Passive High Frequency (13.56 MHz) tags have also quite short read ranges (around few inches) and also good penetration of liquids and moist materials. They are perhaps most used tags in general as they are used for access control cards. Another application is tagging pharmaceuticals, library books or laundry. Lately you have probably heard about NFC (Near Field Communication), which is a type of RFID and also utilizes High Frequency and some of the same standards. NFC is widely used for touchless payment. You can find examples of HF and NFC tags here.
Passive Ultra High Frequency (860-960 MHz) tags have the longest read ranges of all passive tags (up to 15 feet, sometimes more) but do not penetrate water or moist materials. They are most commonly used for inventory control and supply chain management of goods, parts and materials, and for case and pallet tracking in retail, manufacturing, pharma, logistics, military and other industries. Passive tags are also used for asset management that includes computer and IT asset tracking, furniture, equipment, uniform and laundry tracking; and returnable asset management in manufacturing, healthcare, logistics and other industries. Passive tags can be also used for personnel tracking, patient tracking and event management. Passive tags in very small form factors can be also used for anti-counterfeiting. Within passive UHF there are also Near Field tags that utilize the near field and these have read ranges only a few inches. Their advantage is usage of same protocols and frequency as far-field UHF combined with good penetration of liquids and moist materials and short read range. Great examples of passive UHF tags are here and here.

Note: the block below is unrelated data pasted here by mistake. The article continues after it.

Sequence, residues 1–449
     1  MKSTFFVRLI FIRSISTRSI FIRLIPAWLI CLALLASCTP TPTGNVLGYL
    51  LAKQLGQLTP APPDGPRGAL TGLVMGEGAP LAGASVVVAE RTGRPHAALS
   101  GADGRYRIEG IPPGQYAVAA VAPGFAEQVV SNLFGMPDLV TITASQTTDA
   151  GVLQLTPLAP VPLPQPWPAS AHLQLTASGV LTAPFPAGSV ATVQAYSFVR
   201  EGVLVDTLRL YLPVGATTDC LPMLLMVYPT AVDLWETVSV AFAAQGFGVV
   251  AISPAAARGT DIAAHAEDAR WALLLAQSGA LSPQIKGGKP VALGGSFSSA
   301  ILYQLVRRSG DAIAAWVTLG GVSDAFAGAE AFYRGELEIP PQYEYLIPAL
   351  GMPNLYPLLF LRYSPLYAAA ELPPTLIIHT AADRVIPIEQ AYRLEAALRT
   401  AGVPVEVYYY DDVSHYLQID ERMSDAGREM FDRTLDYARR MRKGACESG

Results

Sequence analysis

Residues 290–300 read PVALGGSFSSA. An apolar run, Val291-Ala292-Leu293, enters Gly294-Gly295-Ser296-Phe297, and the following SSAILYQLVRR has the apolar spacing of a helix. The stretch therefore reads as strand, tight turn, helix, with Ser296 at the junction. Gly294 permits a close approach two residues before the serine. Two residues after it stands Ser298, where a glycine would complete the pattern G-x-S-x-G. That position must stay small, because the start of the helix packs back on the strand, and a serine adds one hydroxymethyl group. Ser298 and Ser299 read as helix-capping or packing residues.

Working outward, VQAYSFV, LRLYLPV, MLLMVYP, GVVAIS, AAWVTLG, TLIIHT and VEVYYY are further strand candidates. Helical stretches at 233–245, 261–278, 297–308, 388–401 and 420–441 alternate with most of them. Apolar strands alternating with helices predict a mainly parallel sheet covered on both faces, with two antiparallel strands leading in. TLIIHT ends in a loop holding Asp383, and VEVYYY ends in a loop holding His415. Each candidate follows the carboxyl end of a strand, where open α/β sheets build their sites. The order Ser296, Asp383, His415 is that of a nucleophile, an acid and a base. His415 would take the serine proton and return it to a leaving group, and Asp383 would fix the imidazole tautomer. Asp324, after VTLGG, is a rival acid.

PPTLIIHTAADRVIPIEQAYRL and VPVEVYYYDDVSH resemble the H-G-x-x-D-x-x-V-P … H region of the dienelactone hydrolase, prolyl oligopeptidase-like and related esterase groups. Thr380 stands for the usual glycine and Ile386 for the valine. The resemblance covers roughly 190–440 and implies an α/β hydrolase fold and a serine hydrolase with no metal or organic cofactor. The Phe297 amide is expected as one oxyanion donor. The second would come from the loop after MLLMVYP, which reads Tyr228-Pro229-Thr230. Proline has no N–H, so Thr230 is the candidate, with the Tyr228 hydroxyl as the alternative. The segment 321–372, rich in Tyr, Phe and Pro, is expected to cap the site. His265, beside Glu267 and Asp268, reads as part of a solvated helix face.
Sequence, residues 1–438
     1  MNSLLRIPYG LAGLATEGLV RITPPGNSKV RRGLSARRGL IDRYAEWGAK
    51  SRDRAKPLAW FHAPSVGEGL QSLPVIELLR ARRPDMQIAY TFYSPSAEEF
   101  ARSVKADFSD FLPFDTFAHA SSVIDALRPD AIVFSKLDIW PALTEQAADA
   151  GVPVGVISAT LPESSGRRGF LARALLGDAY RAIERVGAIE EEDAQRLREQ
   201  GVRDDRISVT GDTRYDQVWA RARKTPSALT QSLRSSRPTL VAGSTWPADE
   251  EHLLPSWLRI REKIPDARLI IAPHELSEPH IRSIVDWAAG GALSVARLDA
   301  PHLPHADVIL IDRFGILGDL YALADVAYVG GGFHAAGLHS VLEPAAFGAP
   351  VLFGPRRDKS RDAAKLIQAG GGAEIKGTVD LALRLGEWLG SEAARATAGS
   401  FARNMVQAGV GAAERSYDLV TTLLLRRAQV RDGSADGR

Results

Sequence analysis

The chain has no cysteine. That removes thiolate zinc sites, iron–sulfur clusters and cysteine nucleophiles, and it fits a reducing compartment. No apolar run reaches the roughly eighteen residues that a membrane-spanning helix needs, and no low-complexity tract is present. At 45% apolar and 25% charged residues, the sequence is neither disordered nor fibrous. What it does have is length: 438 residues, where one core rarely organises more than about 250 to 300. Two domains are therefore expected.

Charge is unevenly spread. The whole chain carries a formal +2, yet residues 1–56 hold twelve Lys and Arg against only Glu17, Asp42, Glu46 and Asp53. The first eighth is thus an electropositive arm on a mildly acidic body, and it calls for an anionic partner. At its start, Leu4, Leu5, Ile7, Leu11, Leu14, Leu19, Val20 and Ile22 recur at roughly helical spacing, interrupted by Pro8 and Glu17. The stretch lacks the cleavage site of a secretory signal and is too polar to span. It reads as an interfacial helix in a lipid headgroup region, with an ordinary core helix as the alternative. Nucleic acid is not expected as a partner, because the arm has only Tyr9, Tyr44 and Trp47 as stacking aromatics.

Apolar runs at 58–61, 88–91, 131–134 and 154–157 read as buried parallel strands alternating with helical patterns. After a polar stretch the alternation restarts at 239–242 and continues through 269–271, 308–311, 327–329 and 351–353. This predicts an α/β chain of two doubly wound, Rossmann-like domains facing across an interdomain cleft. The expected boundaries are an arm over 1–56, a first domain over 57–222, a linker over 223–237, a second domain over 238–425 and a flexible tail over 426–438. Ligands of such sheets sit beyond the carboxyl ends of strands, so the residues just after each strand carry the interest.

Passive Microwave Frequency (2.45 GHz) tags are the least common within the passive family, however, they are used for inventory tracking and various applications that do not require long read ranges but have a need for very fast data transfer rates. This frequency is more commonly used for active RFID applications.
Active RFID tags are the most expensive of the three types, however, they also provide the longest read range counted in hundreds of feet and they are best used for high value assets. Because they have a transmitter within a tag, the signal is very strong and can bounce and reflect off of surrounding materials, therefore this technology provides very reliable reading over long distances and in difficult environments.